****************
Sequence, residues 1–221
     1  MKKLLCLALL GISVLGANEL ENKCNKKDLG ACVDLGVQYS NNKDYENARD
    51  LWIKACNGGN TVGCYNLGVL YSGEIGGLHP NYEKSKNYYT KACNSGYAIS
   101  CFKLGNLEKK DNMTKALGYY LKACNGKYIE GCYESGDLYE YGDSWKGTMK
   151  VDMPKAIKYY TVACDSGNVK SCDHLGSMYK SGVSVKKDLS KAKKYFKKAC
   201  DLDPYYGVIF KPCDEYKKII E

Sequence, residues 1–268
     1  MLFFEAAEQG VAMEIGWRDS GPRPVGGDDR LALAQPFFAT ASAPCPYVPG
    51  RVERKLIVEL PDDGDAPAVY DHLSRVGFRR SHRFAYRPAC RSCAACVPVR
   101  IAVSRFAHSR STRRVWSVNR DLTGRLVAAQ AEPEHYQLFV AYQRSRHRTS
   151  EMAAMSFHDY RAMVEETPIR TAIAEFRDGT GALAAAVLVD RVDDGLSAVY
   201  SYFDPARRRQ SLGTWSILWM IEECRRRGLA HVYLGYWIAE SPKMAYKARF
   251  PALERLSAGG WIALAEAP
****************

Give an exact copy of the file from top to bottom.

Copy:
Sequence, residues 1–221
     1  MKKLLCLALL GISVLGANEL ENKCNKKDLG ACVDLGVQYS NNKDYENARD
    51  LWIKACNGGN TVGCYNLGVL YSGEIGGLHP NYEKSKNYYT KACNSGYAIS
   101  CFKLGNLEKK DNMTKALGYY LKACNGKYIE GCYESGDLYE YGDSWKGTMK
   151  VDMPKAIKYY TVACDSGNVK SCDHLGSMYK SGVSVKKDLS KAKKYFKKAC
   201  DLDPYYGVIF KPCDEYKKII E

Sequence, residues 1–268
     1  MLFFEAAEQG VAMEIGWRDS GPRPVGGDDR LALAQPFFAT ASAPCPYVPG
    51  RVERKLIVEL PDDGDAPAVY DHLSRVGFRR SHRFAYRPAC RSCAACVPVR
   101  IAVSRFAHSR STRRVWSVNR DLTGRLVAAQ AEPEHYQLFV AYQRSRHRTS
   151  EMAAMSFHDY RAMVEETPIR TAIAEFRDGT GALAAAVLVD RVDDGLSAVY
   201  SYFDPARRRQ SLGTWSILWM IEECRRRGLA HVYLGYWIAE SPKMAYKARF
   251  PALERLSAGG WIALAEAP